|At 91, Bobby Bragan continues to amaze|
By JIM REEVES, Fort Worth Star-Telegram
There was something a little miraculous, a little magical, a little out of the ordinary on a chilled November evening in Fort Worth on Tuesday. People were talking baseball.
Blame/credit the guy we call Mr. Baseball around here: the amazing Bobby Bragan.
On a night when you couldn’t turn around without bumping into somebody who is somebody in baseball, such as Bobby Valentine, or Eddie Robinson, or Dr. Bobby Brown, in the midst of All-Stars such as Michael Young and Ian Kinsler, on an evening on which Mr. Ranger, Tom Grieve, was deservedly the chief honoree, the man who continues to stand above it all, like a revered orchestra leader, is baseball’s No. 1 goodwill ambassador in Fort Worth, Robert Randall Bragan.
And what sweet music to the ears.
He just turned 91 three weeks ago, and most of us can only dream about having half his energy and drive.
Bragan was at the Fort Worth Convention Center with a few thousand of his best friends to oversee his annual Bobby Bragan Youth Foundation 2008 Lifetime Achievement Award Gala.
When Bragan is involved, it’s always a gala.
He could have regaled us with song, or his piano-playing talents. He could have recited poetry, or done his own outstanding rendition of Casey at the Bat. Instead, he just did what he does best of all. He told a few baseball stories in that distinctive gravelly voice, and held us in the palm of his hand.
It remains, after all these years, an amazingly comfortable place to be.
Bragan is one of those rare individuals who can take over a room by simply walking into it. His presence commands attention. His voice demands instant silence.
You just don’t want to miss a single word.
"He’s a guy who amazes me," Valentine said in introducing his mentor. "He amazes with me with his intellect. He amazes me with his energy. He amazes me with his love of baseball.
"He’s a guy I’ve learned from every time I’m ever with him. I’ve learned about baseball. I’ve learned about life."
They met for the first time when Grieve hired Valentine to manage the Rangers in 1985. Bragan was already working for the Rangers, basically being paid to be himself.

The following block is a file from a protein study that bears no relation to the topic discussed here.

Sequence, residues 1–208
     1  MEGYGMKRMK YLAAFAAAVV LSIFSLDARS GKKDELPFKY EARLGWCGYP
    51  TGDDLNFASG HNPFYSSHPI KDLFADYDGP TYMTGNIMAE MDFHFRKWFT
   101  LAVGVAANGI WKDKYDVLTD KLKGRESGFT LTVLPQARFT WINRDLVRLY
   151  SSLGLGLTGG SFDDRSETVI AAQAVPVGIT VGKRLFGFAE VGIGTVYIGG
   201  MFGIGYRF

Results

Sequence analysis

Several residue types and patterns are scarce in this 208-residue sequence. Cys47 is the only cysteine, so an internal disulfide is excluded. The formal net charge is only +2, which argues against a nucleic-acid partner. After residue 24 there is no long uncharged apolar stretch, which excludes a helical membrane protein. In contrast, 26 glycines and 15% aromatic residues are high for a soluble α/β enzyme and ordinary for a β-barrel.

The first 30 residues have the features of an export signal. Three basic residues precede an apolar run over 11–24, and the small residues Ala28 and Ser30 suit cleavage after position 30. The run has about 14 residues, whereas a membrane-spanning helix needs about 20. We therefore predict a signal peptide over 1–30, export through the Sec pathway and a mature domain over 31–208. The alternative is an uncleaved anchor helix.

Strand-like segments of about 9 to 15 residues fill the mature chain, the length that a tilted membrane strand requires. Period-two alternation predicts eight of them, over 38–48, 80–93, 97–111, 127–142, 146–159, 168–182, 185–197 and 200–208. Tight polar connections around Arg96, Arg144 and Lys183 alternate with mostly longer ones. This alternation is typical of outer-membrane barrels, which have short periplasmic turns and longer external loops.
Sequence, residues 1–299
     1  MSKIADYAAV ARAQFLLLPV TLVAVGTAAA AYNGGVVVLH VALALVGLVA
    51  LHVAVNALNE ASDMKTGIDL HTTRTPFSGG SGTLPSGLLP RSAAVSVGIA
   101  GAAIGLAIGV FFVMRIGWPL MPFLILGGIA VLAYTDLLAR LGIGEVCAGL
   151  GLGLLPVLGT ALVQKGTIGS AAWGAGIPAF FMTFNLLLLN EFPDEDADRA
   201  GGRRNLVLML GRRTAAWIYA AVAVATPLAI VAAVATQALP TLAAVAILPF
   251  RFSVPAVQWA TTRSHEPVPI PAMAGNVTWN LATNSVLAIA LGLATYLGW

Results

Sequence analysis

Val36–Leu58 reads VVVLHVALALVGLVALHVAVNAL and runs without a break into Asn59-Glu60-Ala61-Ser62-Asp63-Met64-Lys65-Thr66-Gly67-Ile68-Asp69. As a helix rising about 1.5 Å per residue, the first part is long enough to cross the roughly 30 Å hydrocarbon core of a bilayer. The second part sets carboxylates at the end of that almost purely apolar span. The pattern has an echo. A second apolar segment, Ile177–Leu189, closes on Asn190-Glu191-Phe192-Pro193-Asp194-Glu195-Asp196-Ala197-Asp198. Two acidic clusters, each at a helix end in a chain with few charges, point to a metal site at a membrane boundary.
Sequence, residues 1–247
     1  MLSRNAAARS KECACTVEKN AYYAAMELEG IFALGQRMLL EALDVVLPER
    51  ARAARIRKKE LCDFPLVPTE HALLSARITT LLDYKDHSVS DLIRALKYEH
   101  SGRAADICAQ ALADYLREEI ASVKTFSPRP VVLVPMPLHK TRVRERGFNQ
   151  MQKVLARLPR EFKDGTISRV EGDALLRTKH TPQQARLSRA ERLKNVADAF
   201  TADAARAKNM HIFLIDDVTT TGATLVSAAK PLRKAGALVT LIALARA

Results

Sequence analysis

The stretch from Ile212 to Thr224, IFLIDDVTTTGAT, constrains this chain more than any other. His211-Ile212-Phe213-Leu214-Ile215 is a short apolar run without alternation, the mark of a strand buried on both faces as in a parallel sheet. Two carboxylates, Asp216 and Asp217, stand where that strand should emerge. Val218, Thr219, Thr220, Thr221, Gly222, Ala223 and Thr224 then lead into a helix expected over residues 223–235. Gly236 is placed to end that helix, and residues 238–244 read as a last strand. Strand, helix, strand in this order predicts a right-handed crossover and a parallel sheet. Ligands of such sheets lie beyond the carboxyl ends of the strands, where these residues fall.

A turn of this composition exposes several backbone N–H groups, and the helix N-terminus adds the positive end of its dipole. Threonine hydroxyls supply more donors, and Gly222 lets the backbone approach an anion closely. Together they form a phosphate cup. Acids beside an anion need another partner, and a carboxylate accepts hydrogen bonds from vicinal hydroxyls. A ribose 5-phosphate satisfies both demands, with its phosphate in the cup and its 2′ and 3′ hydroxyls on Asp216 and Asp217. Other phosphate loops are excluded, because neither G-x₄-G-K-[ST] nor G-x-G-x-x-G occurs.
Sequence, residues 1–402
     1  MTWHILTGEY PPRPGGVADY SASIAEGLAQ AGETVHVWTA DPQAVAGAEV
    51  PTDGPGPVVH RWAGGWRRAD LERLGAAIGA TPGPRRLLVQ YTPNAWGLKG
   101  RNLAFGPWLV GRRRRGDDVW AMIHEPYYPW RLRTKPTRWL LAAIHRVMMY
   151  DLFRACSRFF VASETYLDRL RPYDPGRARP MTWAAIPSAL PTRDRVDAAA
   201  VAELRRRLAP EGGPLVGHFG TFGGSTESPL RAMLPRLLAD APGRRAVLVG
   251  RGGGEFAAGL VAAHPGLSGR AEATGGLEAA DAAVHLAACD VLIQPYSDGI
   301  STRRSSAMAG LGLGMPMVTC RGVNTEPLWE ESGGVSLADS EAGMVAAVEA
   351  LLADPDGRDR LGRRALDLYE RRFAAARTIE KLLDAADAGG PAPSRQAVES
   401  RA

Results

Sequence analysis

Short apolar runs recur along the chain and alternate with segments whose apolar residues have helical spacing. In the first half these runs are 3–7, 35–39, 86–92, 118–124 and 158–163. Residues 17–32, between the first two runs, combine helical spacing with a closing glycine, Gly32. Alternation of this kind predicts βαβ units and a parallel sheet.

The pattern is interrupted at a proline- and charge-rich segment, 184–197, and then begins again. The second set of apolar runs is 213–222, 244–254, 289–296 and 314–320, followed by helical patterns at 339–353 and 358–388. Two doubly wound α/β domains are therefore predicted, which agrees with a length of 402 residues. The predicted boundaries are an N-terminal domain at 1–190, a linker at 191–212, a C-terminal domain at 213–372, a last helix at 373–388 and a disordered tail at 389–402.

Two more kindred spirits never met.
Both were Type-A, high- energy personalities with a deep and abiding love for the game of baseball. There was an instant connection, and Valentine has been a Bragan protégé ever since. It’s definitely a mutual admiration society.
"Valentine just signed a $4 million a year, lifetime contract [to manage the Chiba Lotte Marines in Japan]," Bragan told the crowd. "Bobby said he didn’t know if the owner was talking about [the owner’s] lifetime or Bobby’s lifetime.
"Last year, Bobby was our auctioneer. He said we have three items left to auction. He said, 'I’m going to give $25,000 for all three items, and that’s the end of the auction.’ "
The year before, Valentine had auctioned off the final four items in the live auction for $35,000, then went up to his hotel room to sleep for a few hours, got on a plane and took a 20-hour flight to Japan.
"A thousand people met him at the airport, and he spoke to them for 20 minutes in Japanese," Bragan reported. "No other major league manager can do that."
It’s easy to imagine one that could have, if he’d set his mind to it many years ago, but he’s 91 now and is happy spending most of his time right here in Fort Worth.
That’s good news for us.
Bragan, who says the three greatest men he ever met were Jackie Robinson, legendary Dodgers general manager Branch Rickey and Billy Graham, credits his parents and his family for helping shape his philosophy of life.
"We knew God was in control," Bragan said.
He tried to pass that idea onto his Fort Worth Cats players years ago.
Hall of Fame manager Dick Williams remembers Bragan’s influence when he played for him at LaGrave Field back in 1949.
"If any of his players would go to church with him on Sunday, he would buy breakfast," Williams told Fort Worth, Texas magazine in a recent article. "We were kids without money. I think Bobby knew we were coming for the food as well as the religion."
Funny, I do the same thing with my kids today, hoping that something will stick to them other than the pancake syrup.
Bragan’s primary concern today is kids. His Bobby Bragan Youth Foundation has awarded more than 400 scholarships, totaling more than $1 million over the past 15 years. The annual gala, with its live and silent auctions, is the chief fundraiser.
One of the requirements for the eighth-grade students who apply for the Bragan Foundation scholarship is to write an essay about a role model.
Hmmmm. Looks like I’m about halfway through the application process.
Jim Reeves, 817-390-7760